A scientist in a prestigious institute, Tracy is transgender, in the closet most of the time.  During our first conversation over 15 years ago, my role was cast: I was the go-to girlfriend to help her explore her true self, a person in whom to confide.  Our talks explored ways for Terrance to be Tracy, while married to a heterosexual woman, and working as a successful male in the scientific community.  Tracy’s come into her own these past years, and I think she has embraced her identity as much as one can without surgery.  What I believe Tracy values is that I give her the freedom to be herself, and that I talk with her as a girl  —  which is to say, I talk to her without assuming that she’s playing gender pretend.

I am proud of this aspect of my career as a sex-worker.   I’ve been listening to and encouraging many closeted folks long before this kind of dialogue was in the mainstream.  I’ve dealt with many who didn’t fit into normative boxes.  All I’ve done is listen, and sometimes dole out too much unsolicited advice in the hope that I may be helping.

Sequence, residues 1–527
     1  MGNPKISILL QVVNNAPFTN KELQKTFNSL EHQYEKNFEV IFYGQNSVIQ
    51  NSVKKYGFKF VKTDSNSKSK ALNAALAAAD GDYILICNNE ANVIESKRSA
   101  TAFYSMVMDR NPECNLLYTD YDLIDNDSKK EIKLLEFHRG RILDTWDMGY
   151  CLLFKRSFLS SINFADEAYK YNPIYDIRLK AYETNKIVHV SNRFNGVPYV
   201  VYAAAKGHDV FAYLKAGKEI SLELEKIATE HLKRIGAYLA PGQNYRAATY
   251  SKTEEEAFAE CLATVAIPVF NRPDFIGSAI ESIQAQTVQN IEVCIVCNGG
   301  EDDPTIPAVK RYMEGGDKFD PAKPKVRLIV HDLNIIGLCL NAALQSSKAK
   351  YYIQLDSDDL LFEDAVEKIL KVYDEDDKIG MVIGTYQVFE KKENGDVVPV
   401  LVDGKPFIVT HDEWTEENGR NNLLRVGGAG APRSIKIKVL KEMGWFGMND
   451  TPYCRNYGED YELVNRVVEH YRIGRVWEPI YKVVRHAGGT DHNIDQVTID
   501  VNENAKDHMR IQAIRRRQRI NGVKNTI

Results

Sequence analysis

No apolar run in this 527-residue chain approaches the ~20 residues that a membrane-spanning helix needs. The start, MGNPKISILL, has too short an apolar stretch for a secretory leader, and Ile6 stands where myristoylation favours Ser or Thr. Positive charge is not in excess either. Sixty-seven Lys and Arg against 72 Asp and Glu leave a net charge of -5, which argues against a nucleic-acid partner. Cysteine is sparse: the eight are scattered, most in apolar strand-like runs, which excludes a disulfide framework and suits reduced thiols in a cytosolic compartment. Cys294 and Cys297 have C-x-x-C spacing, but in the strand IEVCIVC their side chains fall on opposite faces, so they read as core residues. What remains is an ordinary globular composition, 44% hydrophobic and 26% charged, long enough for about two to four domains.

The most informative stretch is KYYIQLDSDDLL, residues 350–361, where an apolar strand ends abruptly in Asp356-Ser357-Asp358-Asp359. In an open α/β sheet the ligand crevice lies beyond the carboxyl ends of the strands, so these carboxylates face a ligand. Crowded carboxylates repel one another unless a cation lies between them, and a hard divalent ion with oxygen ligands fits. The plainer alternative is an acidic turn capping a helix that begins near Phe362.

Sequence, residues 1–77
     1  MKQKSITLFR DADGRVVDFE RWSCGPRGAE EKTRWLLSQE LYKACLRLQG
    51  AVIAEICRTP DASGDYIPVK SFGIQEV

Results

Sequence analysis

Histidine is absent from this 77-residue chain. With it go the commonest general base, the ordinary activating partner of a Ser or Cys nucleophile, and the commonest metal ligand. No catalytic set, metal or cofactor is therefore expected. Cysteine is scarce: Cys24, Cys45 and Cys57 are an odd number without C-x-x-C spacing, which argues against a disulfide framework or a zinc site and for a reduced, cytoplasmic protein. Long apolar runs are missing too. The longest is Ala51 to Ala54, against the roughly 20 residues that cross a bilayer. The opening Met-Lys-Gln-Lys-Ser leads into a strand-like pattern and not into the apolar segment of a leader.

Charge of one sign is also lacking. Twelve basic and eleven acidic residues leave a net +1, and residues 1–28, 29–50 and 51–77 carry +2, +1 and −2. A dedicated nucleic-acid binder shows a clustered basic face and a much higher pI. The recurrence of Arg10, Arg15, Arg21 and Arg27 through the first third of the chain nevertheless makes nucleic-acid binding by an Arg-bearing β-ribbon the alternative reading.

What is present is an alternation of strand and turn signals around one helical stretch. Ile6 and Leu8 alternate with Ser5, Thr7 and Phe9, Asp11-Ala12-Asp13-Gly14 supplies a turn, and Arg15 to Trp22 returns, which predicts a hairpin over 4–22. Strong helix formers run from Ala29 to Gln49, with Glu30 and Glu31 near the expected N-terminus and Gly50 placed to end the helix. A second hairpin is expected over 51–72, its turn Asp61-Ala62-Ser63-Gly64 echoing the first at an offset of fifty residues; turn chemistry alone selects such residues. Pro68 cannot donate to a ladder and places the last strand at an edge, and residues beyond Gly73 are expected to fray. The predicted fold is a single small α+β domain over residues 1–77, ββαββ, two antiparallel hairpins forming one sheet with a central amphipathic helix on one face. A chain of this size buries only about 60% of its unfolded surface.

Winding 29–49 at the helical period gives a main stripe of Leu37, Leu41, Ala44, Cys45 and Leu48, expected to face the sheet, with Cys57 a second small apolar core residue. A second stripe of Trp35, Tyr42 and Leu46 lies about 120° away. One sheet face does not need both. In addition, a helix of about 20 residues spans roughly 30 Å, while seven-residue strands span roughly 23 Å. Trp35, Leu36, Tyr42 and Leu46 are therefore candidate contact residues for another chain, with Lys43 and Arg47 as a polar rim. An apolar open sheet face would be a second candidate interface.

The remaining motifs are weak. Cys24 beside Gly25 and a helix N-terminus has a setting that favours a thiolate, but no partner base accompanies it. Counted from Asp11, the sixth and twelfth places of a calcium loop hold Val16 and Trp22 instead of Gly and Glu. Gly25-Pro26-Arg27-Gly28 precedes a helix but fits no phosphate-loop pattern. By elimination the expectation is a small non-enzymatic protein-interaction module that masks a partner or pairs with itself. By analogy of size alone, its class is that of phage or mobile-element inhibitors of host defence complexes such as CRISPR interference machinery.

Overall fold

After Tracy and I spoke this past week, it bothered me to think of Tracy as transgender — a label that would have her live in a limiting psychological prison, as though she is in between one thing and another, a label that obscures her personhood.  It may be true that externally, Tracy’s life has been an evolution from one way of being into another, but in her soul,  Tracy has always been just Tracy.  She’s a devoted father, a husband, a scientist, a writer, a woman with great taste in clothes and shoes, a compassionate and caring human.  She navigates life’s complexities well, and I don’t see her as being “trans” anything.  Tracy is Tracy, a woman experiencing life deeply, as she owns her story and herself more fully.

Over the past few months, I’ve been writing these entries as a human with a wide variety of experiences.  Broader experiences than many, I suspect, which I think is necessary in order to write with some grace and substance.   Several times recently, while thinking about the handful of entries that I’ve offered, I’ve asked myself, “where’s the sex?”  “Where’s all the stuff about sex workers rights, and economics, and equality.”  The memoir that’s coming together that presumably gives people permission to write their own stories, in order to lovingly embrace every day of their lives, and not be victims of other people’s well intentioned if ignorant narratives  —  where’s all that stuff, in these entries?

Well, the sex worker story is only one story, and because I am more than just a sex worker, there are hundreds of stories that I own and live and breathe.  My problem is too many stories, not enough time (and really poor proofreading skills).